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Problems Inmates Face Reentering Society and High Recidivism Rates


In 2009, 5,018,855 offenders were released from prison under some sort of community supervision. Of these, 819,308 were released on parole, meaning they had served an allotted amount of time in prison and were to complete the rest of their sentence outside of a correctional facility. However, 14% of this population returned to prison in 2009. This places an economic burden on both state and federal correctional systems, which are already buckling under the pressure of budget cuts brought about by the recent economic collapse. Therefore, it is imperative to identify the external factors that influence the rate of recidivism among parolees to alleviate the financial burden that re-incarceration incurs to both the state and federal governments as well as taxpayers. A careful analysis of the recidivism rate of offenders in Ohio released on parole indicates that race, poverty, female-headed households, and availability of manufacturing jobs show strong predictability of re-incarceration. Thus, changes in rehabilitation focus to prepare prisoners to better cope with the environment into which they are released has potential to decrease the recidivism rate and ultimately help both state and federal corrections departments meet budgetary constraints.

Problems Inmates Face Reentering Society and High Recidivism Rates


During 2009, the number of individuals released from prison into some sort of community control totaled 5,018, 855 (Bureau of Justice Statistics, 2010). This number encompasses both offenders released on probation and on parole. While the number of offenders in the federal parole population increased by 5,232 in 2009, state parole populations saw a decrease of 10,758. Furthermore, the rate of re-incarceration of parolees decreased from 15% in 2006 to 14% in 2009 (ibid). These numbers are incredibly significant because they demonstrate that, as the United States was experiencing one of the worst economic declines in recent history over five million convicted felons were re-entering the workforce with hopes of finding jobs to support themselves financially.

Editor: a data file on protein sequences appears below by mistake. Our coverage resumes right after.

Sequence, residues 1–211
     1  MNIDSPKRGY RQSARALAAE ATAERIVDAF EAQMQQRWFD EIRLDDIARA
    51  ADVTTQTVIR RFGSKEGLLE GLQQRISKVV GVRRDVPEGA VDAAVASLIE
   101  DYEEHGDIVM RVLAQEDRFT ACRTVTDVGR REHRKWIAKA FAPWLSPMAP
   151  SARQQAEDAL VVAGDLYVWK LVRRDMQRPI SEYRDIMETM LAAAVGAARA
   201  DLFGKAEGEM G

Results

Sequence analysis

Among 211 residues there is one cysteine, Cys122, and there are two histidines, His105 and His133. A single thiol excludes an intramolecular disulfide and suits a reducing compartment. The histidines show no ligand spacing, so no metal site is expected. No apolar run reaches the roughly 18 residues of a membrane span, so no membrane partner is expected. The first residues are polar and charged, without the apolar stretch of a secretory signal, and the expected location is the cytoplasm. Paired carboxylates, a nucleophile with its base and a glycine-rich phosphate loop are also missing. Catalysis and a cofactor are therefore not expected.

In addition to the pressure placed on parolees by the floundering economy, the financial collapse also placed extreme amounts of strain on all forms of government programs, including the federal and state prison systems. In March of 2010 the California Department of Rehabilitation and Corrections was forced begin efforts to release 6,500 prisoners within the year to reduce overcrowding and conserve funding. In recent years, with prison overcrowding across the country reaching levels disturbingly close to earning the label of “cruel and unusual punishment”, many prison systems looked to parole as a means of reducing overcrowding and saving the money that would be used to house the prisoners within correctional facilities (Siegel, 2011). The high probability of parolee re-incarceration essentially means that the system must again spend money housing and feeding the very offenders they had previously released in an effort to fit budget constraints. Therefore it is crucial to understand what external factors most often cause parolees to re-enter the prison system in an effort to reduce the financial burden their re-incarceration places on both state and federal ...
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